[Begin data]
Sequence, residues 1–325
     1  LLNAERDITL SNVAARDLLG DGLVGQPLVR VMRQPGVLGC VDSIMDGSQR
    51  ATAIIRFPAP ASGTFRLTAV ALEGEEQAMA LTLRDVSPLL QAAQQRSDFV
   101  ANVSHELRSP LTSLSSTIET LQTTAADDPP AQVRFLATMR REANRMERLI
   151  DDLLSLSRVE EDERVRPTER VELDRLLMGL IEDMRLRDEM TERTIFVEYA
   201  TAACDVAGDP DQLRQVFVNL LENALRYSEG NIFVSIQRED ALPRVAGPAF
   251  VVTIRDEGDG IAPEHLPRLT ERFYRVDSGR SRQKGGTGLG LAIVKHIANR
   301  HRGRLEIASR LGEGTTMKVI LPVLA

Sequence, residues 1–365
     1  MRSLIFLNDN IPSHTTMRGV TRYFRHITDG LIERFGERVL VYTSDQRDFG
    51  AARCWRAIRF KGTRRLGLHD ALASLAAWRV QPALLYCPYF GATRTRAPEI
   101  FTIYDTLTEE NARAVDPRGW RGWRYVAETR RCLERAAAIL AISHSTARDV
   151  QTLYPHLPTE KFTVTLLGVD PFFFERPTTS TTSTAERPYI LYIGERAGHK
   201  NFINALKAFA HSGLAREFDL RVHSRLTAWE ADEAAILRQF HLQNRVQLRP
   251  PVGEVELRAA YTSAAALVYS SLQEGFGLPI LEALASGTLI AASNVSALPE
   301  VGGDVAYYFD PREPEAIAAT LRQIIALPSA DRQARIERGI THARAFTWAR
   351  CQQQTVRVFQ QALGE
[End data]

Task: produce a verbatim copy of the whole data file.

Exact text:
Sequence, residues 1–325
     1  LLNAERDITL SNVAARDLLG DGLVGQPLVR VMRQPGVLGC VDSIMDGSQR
    51  ATAIIRFPAP ASGTFRLTAV ALEGEEQAMA LTLRDVSPLL QAAQQRSDFV
   101  ANVSHELRSP LTSLSSTIET LQTTAADDPP AQVRFLATMR REANRMERLI
   151  DDLLSLSRVE EDERVRPTER VELDRLLMGL IEDMRLRDEM TERTIFVEYA
   201  TAACDVAGDP DQLRQVFVNL LENALRYSEG NIFVSIQRED ALPRVAGPAF
   251  VVTIRDEGDG IAPEHLPRLT ERFYRVDSGR SRQKGGTGLG LAIVKHIANR
   301  HRGRLEIASR LGEGTTMKVI LPVLA

Sequence, residues 1–365
     1  MRSLIFLNDN IPSHTTMRGV TRYFRHITDG LIERFGERVL VYTSDQRDFG
    51  AARCWRAIRF KGTRRLGLHD ALASLAAWRV QPALLYCPYF GATRTRAPEI
   101  FTIYDTLTEE NARAVDPRGW RGWRYVAETR RCLERAAAIL AISHSTARDV
   151  QTLYPHLPTE KFTVTLLGVD PFFFERPTTS TTSTAERPYI LYIGERAGHK
   201  NFINALKAFA HSGLAREFDL RVHSRLTAWE ADEAAILRQF HLQNRVQLRP
   251  PVGEVELRAA YTSAAALVYS SLQEGFGLPI LEALASGTLI AASNVSALPE
   301  VGGDVAYYFD PREPEAIAAT LRQIIALPSA DRQARIERGI THARAFTWAR
   351  CQQQTVRVFQ QALGE